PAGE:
China celebrates its 70th National Day as Hong Kong braces for protests

Pro-democracy protesters crouch amid tear gas during clashes with police on September 29, 2019 in Hong Kong.Pro-democracy protesters crouch amid tear gas during clashes with police on September 29, 2019 in Hong Kong. Chris McGrath/Getty Images

There’s an excited atmosphere in Beijing as people wait for the parade to kick off — but in Hong Kong, things are a bit more tense.

The past few days have been marked with violence as pro-democracy protesters clash with riot police. Events like the fireworks show, originally planned for this evening, have been canceled for safety concerns.

At a police press conference on Monday, police officials said protesters had thrown as many as 100 petrol bombs over the past two days.

“We are on the verge of extreme danger,” said a police official. “All acts are one step closer to terrorism. We are deeply concerned about public safety tomorrow and we express the strongest condemnation against all criminal and violent acts.”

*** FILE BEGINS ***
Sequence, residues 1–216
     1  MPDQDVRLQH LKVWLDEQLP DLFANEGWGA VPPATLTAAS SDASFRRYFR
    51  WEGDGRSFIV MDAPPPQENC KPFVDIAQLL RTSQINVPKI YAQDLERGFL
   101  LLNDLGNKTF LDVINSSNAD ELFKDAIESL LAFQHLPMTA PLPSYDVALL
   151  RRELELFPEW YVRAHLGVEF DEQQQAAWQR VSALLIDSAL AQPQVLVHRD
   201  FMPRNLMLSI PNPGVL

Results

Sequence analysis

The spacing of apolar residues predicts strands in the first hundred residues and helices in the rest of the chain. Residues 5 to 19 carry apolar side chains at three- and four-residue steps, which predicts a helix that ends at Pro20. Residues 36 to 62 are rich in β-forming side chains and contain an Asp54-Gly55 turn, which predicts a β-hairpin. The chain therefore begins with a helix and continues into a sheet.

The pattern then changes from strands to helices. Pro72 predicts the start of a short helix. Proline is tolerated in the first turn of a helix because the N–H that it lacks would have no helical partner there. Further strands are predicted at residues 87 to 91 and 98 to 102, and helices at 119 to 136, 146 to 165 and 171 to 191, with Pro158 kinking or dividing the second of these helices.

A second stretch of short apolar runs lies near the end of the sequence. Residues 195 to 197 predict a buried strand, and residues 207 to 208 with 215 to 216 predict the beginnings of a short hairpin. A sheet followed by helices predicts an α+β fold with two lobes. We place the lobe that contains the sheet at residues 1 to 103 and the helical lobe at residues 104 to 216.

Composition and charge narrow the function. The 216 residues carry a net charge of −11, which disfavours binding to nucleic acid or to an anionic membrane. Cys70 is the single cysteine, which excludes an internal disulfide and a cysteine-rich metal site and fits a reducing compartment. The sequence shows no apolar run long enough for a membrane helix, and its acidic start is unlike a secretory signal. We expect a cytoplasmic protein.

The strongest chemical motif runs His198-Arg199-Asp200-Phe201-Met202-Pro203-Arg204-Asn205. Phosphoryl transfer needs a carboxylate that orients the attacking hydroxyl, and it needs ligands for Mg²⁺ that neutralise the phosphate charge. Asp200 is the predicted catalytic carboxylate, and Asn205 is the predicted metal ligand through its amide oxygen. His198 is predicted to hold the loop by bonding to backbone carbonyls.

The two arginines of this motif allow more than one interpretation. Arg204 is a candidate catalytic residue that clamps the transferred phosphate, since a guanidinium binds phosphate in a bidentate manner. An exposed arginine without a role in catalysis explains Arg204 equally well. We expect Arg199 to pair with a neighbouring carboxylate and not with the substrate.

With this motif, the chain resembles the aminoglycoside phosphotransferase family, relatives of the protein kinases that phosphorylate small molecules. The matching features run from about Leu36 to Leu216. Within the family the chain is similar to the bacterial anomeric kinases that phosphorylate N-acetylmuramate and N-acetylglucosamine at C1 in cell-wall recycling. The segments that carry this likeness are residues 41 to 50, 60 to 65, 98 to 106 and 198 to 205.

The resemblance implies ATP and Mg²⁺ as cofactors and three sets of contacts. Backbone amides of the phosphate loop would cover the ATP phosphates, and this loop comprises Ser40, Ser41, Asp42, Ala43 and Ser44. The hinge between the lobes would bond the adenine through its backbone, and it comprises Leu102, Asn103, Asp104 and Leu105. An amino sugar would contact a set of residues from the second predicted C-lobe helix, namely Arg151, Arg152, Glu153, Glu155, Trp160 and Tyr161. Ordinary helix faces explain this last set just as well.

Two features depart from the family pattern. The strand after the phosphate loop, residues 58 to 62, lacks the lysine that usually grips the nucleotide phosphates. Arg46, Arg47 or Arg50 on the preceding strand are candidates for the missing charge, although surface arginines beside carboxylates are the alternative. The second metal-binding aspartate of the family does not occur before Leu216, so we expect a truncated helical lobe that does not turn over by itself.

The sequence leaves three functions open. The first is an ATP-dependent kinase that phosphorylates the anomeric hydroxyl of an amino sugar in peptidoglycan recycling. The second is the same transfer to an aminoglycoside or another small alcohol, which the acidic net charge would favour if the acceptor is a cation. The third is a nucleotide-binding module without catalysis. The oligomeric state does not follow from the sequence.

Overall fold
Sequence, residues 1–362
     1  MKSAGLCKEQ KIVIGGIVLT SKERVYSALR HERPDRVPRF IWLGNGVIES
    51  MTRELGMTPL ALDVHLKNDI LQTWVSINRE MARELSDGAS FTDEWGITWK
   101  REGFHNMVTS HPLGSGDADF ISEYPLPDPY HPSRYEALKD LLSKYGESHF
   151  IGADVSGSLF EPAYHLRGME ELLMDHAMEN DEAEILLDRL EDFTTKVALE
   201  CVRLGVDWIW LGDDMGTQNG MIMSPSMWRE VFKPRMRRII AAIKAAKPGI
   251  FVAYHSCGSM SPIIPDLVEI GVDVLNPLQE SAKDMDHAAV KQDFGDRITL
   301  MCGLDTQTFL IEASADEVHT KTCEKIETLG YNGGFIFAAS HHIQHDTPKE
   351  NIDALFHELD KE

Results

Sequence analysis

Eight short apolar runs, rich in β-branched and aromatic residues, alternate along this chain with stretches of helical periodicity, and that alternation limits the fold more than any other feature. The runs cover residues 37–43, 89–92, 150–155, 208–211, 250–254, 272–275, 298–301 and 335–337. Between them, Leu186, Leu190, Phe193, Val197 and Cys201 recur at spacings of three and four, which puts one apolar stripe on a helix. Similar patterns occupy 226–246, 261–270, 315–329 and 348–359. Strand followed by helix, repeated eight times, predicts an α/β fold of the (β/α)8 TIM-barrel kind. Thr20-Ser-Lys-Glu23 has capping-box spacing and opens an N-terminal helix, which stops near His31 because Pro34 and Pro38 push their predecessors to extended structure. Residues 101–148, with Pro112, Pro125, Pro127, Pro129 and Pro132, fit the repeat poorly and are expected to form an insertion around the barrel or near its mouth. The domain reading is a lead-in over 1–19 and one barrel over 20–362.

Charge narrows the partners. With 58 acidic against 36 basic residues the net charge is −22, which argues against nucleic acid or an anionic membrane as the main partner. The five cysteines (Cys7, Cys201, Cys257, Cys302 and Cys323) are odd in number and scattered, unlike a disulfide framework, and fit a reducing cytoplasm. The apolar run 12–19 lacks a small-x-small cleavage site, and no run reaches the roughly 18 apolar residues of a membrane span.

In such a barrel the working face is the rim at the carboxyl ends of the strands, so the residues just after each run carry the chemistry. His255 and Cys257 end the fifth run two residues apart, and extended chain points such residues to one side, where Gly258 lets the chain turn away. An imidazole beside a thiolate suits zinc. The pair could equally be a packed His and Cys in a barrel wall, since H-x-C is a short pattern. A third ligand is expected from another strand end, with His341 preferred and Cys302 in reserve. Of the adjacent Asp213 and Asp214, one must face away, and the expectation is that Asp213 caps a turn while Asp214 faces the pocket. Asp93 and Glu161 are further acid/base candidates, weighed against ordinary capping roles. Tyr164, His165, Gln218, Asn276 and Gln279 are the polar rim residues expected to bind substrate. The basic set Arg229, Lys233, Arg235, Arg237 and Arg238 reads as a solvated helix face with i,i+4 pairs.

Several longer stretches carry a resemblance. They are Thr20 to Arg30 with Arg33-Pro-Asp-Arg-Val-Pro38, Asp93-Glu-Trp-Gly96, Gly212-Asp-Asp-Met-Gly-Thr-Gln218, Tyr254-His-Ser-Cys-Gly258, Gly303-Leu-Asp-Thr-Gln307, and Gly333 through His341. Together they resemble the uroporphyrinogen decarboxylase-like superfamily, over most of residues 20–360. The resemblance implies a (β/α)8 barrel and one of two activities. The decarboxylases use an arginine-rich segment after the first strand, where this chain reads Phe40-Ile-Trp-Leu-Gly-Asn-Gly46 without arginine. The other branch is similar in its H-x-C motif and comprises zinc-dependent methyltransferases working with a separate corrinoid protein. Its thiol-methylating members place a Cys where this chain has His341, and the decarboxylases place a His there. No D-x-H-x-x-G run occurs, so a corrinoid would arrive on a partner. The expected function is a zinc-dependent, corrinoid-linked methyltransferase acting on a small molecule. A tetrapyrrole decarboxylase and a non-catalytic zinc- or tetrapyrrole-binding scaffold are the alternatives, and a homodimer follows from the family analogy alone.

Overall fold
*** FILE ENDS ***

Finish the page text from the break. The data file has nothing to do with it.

Planned demonstrations: Hong Kong protesters have planned a series of protests in six different districts across the city, as well as a mass march that has been denied approval by the police — making it an unlawful assembly. Most of the demonstrations aren’t scheduled to happen until after noon.

China’s response: Chinese officials have strongly condemned the protests before — and in Beijing, civilians are also taking a critical stance.

“They won’t succeed,” said Qingshan Wang, a retired entrepreneur, in Beijing on Monday. “They are just a bunch of ignorant young people. They don’t know about China and don’t understand China. Betray your own country, what kind of good result you will end up with?

“They are influenced by anti-China forces. If you are against the great China, do you think you will end up well? … If you don’t even love your country, what you can achieve? You at least should love your own country.”

This article originally appeared here